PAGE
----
"There are two things that matter in elections: People and money," he added. "Given my choice, I'd always prefer more people than money."
State Sen. Gerald Cardinale (R-Bergen), who is frequently seen at public events wearing a Trump campaign baseball cap, gave $500 to John McCain's 2008 presidential campaign, and another $500 to the Republican National Committee that same year.
He doesn't show up in the FEC database as a Trump donor in 2016, but he said that's because he's given two $100 donations to the mogul's 2016 White House bid, a donation level that is not required to be listed.  
Cardinale said that Trump's willingness to largely self-finance his campaign in the primaries may be hurting him in the general election, especially since "New Jersey is something of a piggy bank" for presidential campaigns.
Assemblyman Robert Auth (R-Bergen) another Trump supporter, hasn’t donated to Trump so far this year, records show. The way you show support in politics is to help a campaign monetarily but you don’t see this on Trump’s men. All is oral. I mean vocal.

nj.com as source
authors:
Claude Brodesser-Akner cbrodesser@njadvancemedia.com.   

  Twitter @ClaudeBrodesser.

Input for this posting adamfoxie

May 23, 2015

In Elite GOP Fundraiser Rubio Questioned by Gay Donor



       

In public and behind closed doors, 2016 Republican presidential candidates are being put on the spot on an increasingly tricky issue: same-sex marriage. 
The issue has become a source of friction within the Republican Party, as more socially liberal donors and corporations clash with conservative activists and other opponents of same-sex marriage. Marco Rubio was the latest GOP candidate to field this question at a private fundraiser with party elites in Washington on Wednesday night.
One donor identified herself as gay(Tx.GOP Rep.Sara Davis) and asked the Florida senator to state his position on same-sex marriage during a question-and-answer session, two attendees who were in the room told CNN.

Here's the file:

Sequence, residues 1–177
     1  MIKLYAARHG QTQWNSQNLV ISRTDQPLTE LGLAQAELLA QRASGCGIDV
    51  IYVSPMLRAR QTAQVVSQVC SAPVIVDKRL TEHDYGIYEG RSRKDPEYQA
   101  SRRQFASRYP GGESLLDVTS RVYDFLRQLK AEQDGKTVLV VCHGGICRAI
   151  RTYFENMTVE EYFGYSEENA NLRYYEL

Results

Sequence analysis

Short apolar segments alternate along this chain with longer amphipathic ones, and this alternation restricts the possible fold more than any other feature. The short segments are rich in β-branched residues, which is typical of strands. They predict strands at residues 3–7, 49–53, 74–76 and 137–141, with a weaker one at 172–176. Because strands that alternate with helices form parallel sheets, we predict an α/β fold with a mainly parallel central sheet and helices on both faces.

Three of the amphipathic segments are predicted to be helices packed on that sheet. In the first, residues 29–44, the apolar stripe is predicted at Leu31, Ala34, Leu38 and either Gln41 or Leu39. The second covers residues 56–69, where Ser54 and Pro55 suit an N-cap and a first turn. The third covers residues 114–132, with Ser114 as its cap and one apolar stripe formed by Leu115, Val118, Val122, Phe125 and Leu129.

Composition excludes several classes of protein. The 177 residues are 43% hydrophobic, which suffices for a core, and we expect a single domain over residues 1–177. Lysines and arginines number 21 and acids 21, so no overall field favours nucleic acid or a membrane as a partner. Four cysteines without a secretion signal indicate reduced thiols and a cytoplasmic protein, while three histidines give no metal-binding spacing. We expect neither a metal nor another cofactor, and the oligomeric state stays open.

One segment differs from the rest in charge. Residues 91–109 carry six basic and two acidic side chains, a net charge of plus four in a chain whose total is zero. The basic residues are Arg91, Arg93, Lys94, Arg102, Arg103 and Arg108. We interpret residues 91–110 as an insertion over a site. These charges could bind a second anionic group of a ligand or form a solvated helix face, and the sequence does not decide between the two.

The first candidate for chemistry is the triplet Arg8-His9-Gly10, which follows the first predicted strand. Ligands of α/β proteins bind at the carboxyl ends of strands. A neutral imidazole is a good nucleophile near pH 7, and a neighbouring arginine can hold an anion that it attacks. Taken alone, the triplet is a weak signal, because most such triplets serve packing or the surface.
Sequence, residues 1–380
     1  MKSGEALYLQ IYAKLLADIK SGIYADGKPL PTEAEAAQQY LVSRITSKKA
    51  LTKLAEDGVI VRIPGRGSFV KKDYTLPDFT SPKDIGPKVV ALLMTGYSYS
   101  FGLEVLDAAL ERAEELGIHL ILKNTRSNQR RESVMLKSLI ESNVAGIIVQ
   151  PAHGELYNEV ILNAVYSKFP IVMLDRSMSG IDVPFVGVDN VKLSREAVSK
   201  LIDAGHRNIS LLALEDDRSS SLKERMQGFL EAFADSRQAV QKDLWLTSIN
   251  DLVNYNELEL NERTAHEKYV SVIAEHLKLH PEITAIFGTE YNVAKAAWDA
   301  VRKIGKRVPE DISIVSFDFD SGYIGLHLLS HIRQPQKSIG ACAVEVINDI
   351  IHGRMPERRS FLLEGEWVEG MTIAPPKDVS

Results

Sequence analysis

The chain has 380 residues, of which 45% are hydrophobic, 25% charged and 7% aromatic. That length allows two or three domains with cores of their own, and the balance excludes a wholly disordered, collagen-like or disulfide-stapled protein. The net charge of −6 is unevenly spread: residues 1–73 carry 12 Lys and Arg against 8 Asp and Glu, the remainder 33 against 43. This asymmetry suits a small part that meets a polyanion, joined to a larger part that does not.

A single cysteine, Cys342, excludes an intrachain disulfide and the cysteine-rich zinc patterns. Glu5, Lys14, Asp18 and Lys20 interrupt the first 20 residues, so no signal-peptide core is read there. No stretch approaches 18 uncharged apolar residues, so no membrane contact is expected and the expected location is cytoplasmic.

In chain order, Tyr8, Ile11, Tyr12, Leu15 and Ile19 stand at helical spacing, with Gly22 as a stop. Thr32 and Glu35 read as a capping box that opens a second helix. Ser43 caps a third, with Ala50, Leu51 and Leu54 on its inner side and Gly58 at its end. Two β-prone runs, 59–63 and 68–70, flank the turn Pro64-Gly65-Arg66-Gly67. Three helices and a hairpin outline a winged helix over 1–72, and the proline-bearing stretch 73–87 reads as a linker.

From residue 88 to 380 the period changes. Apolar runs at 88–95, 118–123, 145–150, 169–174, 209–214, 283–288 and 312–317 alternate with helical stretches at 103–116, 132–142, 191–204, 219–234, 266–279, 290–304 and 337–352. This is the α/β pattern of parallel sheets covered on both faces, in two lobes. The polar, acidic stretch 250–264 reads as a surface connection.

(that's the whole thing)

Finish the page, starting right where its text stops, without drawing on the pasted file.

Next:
GOP-Rep.Sara Davis (photo FB)

   Rubio stuck to his conservative position: He said he 
believes marriage should be between a man and a woman, though he said individual states can choose their own policies related to same-sex marriage.
Rubio spokesman Alex Conant declined to comment. 
‪The interaction highlights the complicated balancing act Republican presidential candidates now face, as they must defend their social views to political donors while avoiding inconsistency in their public statements.‬
Republican officials have struggled to adapt to the country's changing views on same-sex marriage. Just this year, contentious debates over the so-called "religious freedom" laws in several states also exposed a growing rift between socially conservative Republicans and big business, which has historically backed the GOP.‬
    Some of Rubio's fellow presidential aspirants have run into some trouble on the issue. 
    Texas Sen. Ted Cruz, an outspoken opponent of same-sex marriage, was forced to reaffirm his position last month after it was reported that the presidential candidate seemed to have softened his view in a private gathering of donors. (Cruz had told supporters that he would love his daughters just the same if he learned that any one of them was gay, The New York Times first reported.) 
    Former Florida Gov. Jeb Bush has also been scrutinized for his statements on same-sex marriage. In one recent interview, Bush, who has not yet officially launched his presidential campaign, stood by his opposition to same-sex marriage, stating that he doesn't consider it a constitutional right.

    If GOP candidates are feeling pressure from Christian conservatives to demonstrate their unequivocal opposition to same-sex marriage, some donors have landed in hot water for the opposite reason. 
    A gay businessman who hosted the New York City fundraiser for Cruz faced fierce backlash from the gay community and ultimately issued an apology for holding the event for the Texas senator, calling it a “terrible mistake.”
    NOTE: This type of rich donors fundraisers is done by all political parties.That is why the rich is so powerful because they give and latter when the need arises the phone call is put through and on the other end it will be expected that there would be a listening, sympathetic ear. If elections were funded by the public then the rich donors will loose power in theory and it will go to the public. There would be no need for an election to last two years for candidates running and getting enough money for commercials and expenses.